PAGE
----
Ethics for CPAs: Meeting Expectations in Challenging Times / Edition 1by Dan M. Guy, D. R. Carmichael, Linda A. Lach
Pub. Date: 02/10/2003
Accountants are under attack. Recent investigations of Enron, Global Crossing, WorldCom, and Adelphia, just to name a few, along with the remarkable collapse of Arthur Andersen, have focused the nation’s attention on the accounting profession and the need for reforms. All parties agree that accounting firms must change their priorities and attitudes to put
Accountants are under attack. Recent investigations of Enron, Global Crossing, WorldCom, and Adelphia, just to name a few, along with the remarkable collapse of Arthur Andersen, have focused the nation’s attention on the accounting profession and the need for reforms. All parties agree that accounting firms must change their priorities and attitudes to put more emphasis on ethics, quality of audits, and on investor and public interests. But recent significant revisions to guidance from the AICPA, SEC, GAO, and IFAC make it difficult to keep up with the latest requirements. Without a clear and up-to-date knowledge of these changes, CPAs enter a minefield that could lead to a variety of sanctions. Ethics for CPAs helps accounting professionals navigate this minefield, providing a reader-friendly, timely resource on the latest ethical pronouncements and considerations.
This comprehensive guide integrates the various requirements of the AICPA’s Code of Professional Conduct, the SEC, the Department of Labor, the GAO’s Yellow Book, and state societies and state boards. The book also contains information on ethical standards for consulting and tax services, and provides a concise analysis of international ethics requirements. Drawing upon years of experience consulting on ethical issues, the authors deliver invaluable guidance on how a CPA should respond to an ethics investigation, proceeding step-by-step through the entire process. Ethics for CPAs also:
- Presents information in an easy-to-use information-mapping format that enables CPAs to find the information they need, fast
- Identifies and discusses specific ethical issues raised by the Enron investigation
- Contains practical examples and user-friendly practice aids
- Includes self-study CPE, pursuant to the requirement by many states that CPAs complete a minimum number of hours on ethics-related topics for each licensing period
Each chapter contains a section that provides guidance on the authoritative sources for the topics discussed and also provides information on where CPAs can go to get more information on ethics issues. Guidance on future pronouncements will be posted on www.wiley.com/ethics within thirty days of issuance. Ethics for CPAs supplies accounting professionals with a much-needed authoritative resource for meeting expectations in challenging times.
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Table of Contents
PART A. INTRODUCTION TO ETHICS.
Chapter 1. Introduction.
Chapter 2. Organizations Involved in the Development, Regulation, and Enforcement of Ethics Requirements.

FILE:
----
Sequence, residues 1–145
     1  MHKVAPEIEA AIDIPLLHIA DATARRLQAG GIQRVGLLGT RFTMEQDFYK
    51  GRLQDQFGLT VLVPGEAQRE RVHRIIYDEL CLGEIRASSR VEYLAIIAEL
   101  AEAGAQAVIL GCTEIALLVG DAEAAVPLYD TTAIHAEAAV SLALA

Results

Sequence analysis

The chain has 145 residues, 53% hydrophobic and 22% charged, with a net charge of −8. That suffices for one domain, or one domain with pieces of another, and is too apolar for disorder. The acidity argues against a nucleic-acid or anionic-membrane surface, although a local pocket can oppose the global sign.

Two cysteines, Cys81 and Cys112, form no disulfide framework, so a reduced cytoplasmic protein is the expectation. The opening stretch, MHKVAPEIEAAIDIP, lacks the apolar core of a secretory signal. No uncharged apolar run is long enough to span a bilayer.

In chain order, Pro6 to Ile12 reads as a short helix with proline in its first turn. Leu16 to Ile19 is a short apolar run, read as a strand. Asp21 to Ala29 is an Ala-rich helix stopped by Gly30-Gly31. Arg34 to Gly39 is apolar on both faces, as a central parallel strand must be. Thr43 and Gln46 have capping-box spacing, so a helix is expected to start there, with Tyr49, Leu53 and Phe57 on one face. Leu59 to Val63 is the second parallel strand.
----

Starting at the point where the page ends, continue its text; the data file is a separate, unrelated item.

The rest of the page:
Chapter 3. Ethics Enforcement–What a Member Needs to Know.
PART B. OVERVIEW OF INDEPENDENCE, INTEGRITY, AND OBJECTIVITY.
Chapter 4. The Fall of Enron and the Ethics Aftermath.
Chapter 5. Importance of Independence.
Chapter 6. Basic Concepts of Rule 101, Independence, and Rule 102, Integrity and Objectivity.
Chapter 7. Requirements for Integrity and Objectivity (Including Freedom from Conflicts of Interest).
PART C. INDEPENDENCE REQUIREMENTS FOR MEMBERS IN PUBLIC PRACTICE.
Chapter 8. Engagements That Require Independence.
Chapter 9. Definition of Covered Member/Person, Immediate Family Members, and CPA Firms for Purposes of Independence Requirements.
Chapter 10. Direct and Indirect Financial Interests in Clients.
Chapter 11. Financial Interests in Nonclients That Have Investor or Investee Relationships with Clients.
Chapter 12. Former Practitioners.
Chapter 13. Unpaid Fees.
Chapter 14. Performance of Other Services for Clients.
Chapter 15. Business Relationships; Cooperative Arrangements; Joint Closely Held Investments; Lease Arrangements; and Investments by Clients in Auditors.
Chapter 16. Loans to and from Clients.
Chapter 17. Employment by and Connections with Clients.
Chapter 18. Employment of a Spouse, Dependent, or Close Relative by a Client.
Chapter 19. Gifts and Privileges.
Chapter 20. Actual or Threatened Litigation.
Chapter 21. Indemnification Agreements.
Chapter 22. Outsourcing of the Internal Audit Function and Other Extended Audit Services.
Chapter 23. Independence Requirements for Governmental Audits and Nonprofit Organizations Subject to Yellow Book Requirements.
Chapter 24. Independence Requirements for Audits of Employee Benefit Plans.
Chapter 25. Independence Requirements for Agreed-Upon Procedures Engagements.
Chapter 26. Alternative Practice Structures.
Chapter 27. Quality Control Systems for Independence.
PART D. AICPA RULES OTHER THAN INDEPENDENCE, INTEGRITY, AND OBJECTIVITY.
Chapter 28. Rules 201, 202, and 203–General Standards, Compliance with Standards and Accounting Principles.
Chapter 29. Rule 301—Confidential Client Information.
Chapter 30. Rule 302—Contingent Fees.
Chapter 31. Rule 501—Acts Discreditable.
Chapter 32. Rule 502—Advertising and Other Forms of Solicitation.
Chapter 33. Rule 503—Commissions and Referral Fees.
Chapter 34. Rule 505—Form of Organization and Name.
PART E. OTHER ETHICS GUIDANCE.
Chapter 35. Statements on Standards for Tax Services and Interpretations.
Chapter 36. Statements on Standards for Consulting Services.
Chapter 37. An Interpretative Outline of IFAC's Code of Ethics for Professional Accountants.
Chapter 38. Where to Go for More Information.
Appendix A. Glossary.
Appendix B. How to Contact the State Boards and State Societies.
2003 Self-Study CPE Program.
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